What a hard read. Not from the standpoint of it being too deep or over my head, but it’s just plain abrasive. In the introduction, Raven states, “A clergy friend (now retired) describes the cherry-picking among the various portions of scripture as having been put together by ‘drunken elves’” (pg. 11). Therefore, throughout the book, she continues to call the contributors to the Revised Common Lectionary (RCL) as “Elves.” She goes on to state, “While ‘the Elves” may seem to be subject to quite a bit of abuse here, no individual disrespect is intended” (ibid.). With a little tongue-in-cheek, Raven adds, “In addition, it is by no means an insult to the nobility of the Elven Race (as described by J.R.R. Tolkien) who long ago abandoned Middle Earth to its fate — a caution to those who use proof-texting to justify compliance with Empire” (ibid.).

Now, if you’ve read this blog for any length of time, you know that I’m all for pointing out the errors of the Empirical Religious Business called “church.” But, I hope, that I don’t do it with such a snarky attitude. Calling the contributors to the RCL as “Elves” leaves a bad taste in the mouth. She may claim that there’s not disrespect meant, but it sure comes across that way.

Furthermore, she sets up a false dichotomy, in my opinion. She states that the “underlying framework” for this series is four questions:

  1. What is the nature of God? Violent or nonviolent?
  2. What is the nature of Jesus’ message? Inclusive or exclusive?
  3. What is faith? Literal belief, or trust in God’s realm of distributive justice-compassion?
  4. What is deliverance? Salvation from hell or liberation from injustice?

My problem with these questions is not so much the questions themselves but the “either / or” answers. If one wants to make a case for the “correct” answers as outlined here, one should be at least open to other possibilities. Furthermore, as I stated above, Raven’s “either / or” answers create a false dichotomy. That is, one could argue that those answers are two sides of the same coin. One could have “literal belief” and “trust in God’s realm of distributive justice-compassion.”

And that, to me, is the issue throughout the whole book. Over and over again, Raven paints the readings in a very dual way — with only her interpretation as the “correct” or legitimate interpretation. This, coupled with her derogatory view of the collaborators of the RCL really rubs me the wrong way. Granted there are some beautiful things in this book, here’s an example:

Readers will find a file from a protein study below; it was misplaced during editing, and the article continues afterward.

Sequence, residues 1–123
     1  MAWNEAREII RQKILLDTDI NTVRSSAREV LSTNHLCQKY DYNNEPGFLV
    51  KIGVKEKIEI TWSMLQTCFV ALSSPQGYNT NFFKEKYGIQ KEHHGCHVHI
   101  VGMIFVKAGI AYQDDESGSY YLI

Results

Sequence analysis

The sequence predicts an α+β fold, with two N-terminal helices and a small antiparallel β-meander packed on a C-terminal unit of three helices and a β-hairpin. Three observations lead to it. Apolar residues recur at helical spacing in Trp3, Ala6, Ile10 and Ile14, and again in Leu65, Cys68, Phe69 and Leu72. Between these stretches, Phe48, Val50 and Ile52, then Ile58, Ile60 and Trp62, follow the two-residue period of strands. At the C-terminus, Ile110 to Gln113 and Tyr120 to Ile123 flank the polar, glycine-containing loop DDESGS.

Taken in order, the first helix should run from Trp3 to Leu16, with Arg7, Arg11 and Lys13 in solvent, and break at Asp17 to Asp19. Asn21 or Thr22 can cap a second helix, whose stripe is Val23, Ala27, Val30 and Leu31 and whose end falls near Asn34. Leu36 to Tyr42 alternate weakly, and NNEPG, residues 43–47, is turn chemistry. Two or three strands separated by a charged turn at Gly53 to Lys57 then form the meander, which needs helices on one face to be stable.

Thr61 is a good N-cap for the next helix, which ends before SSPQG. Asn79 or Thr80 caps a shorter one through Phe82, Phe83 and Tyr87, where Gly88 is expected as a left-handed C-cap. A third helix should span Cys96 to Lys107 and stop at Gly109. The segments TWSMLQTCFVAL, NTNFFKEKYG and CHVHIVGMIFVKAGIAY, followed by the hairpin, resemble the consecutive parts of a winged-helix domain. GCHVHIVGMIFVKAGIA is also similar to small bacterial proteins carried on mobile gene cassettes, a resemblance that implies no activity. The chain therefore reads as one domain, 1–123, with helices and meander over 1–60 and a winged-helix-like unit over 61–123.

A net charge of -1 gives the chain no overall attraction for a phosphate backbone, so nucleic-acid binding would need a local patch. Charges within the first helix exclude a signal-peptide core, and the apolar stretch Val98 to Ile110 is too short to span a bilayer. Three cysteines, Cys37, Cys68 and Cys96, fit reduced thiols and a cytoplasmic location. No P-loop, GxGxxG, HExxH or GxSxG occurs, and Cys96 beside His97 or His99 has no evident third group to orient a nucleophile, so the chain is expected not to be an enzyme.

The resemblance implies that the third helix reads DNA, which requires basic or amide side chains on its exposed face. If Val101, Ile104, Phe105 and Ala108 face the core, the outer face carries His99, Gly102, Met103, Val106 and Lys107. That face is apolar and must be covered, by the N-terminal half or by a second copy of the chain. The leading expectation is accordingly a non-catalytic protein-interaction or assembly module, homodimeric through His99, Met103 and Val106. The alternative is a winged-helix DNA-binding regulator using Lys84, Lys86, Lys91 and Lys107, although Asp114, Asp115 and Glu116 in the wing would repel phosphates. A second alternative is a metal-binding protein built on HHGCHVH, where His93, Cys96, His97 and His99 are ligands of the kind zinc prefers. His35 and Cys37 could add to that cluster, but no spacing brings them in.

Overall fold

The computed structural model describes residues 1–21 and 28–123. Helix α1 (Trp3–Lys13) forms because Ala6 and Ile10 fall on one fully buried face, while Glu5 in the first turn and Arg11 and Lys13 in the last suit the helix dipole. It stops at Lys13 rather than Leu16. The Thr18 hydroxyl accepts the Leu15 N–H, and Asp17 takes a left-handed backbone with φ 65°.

Approaching John’s metaphor [of testifying to the light; John 1.7 — j+] to postmodern mythological experience, if we embrace Jesus as the bringer of spiritual light to the world and we take into ourselves Jesus’s radical, if we embrace Jesus as the bringer of spiritual light to the world and we take into ourselves Jesus’s radical, nonviolent abandonment of self-interest (love), then we also become bringers of the light. We also participate as word and wisdom in the realm of distributive justice-compassion. (pg. 27).

Brilliant stuff. Here’s another one:
Jesus was born during the Roman occupation of Palestine, under the rule of Caesar Augustus, somewhere between the years of 4 B.C.E. and 4 C.E. It was a time of repression, oppression, extreme poverty, and constant rebellion against Roman rule. The Jewish people had a long history of wars and occupations. Nevertheless, they believed that God is just, and the world belongs to God. So whenever they experienced injustice and political turmoil, they knew that God would act to restore God’s justice to the world. Otherwise, God would not be God. Matthew’s story shows that Jesus is the one sent by God to set things right. God has acted, through the life, teachings, death, and resurrection of Jesus (pg. 29).

Again, brilliant.

Unfortunately, one has to slog through all sorts of deprecatory gunk just to get to some good points. Those few nuggets don’t outweigh the rest of the book, sadly enough.

As I stated above, I was really looking forward to this book, and the reworked liturgies based on a post-modern worldview are great, but they’re few and very far between the rest of the book. I’d rate this two stars on Amazon’s rating system. And it only gets those because of the “reimagined rituals.”



~~~
In the Love of the Three in One,

Br. Jack+, LC

~~~
#SpeakeasyTheologyfromExile
Disclosure of Material Connection: I received this book free from the author and/or publisher through the Speakeasy blogging book review network. I was not required to write a positive review. The opinions I have expressed are my own. I am disclosing this in accordance with the Federal Trade Commission’s 16 CFR, Part 255.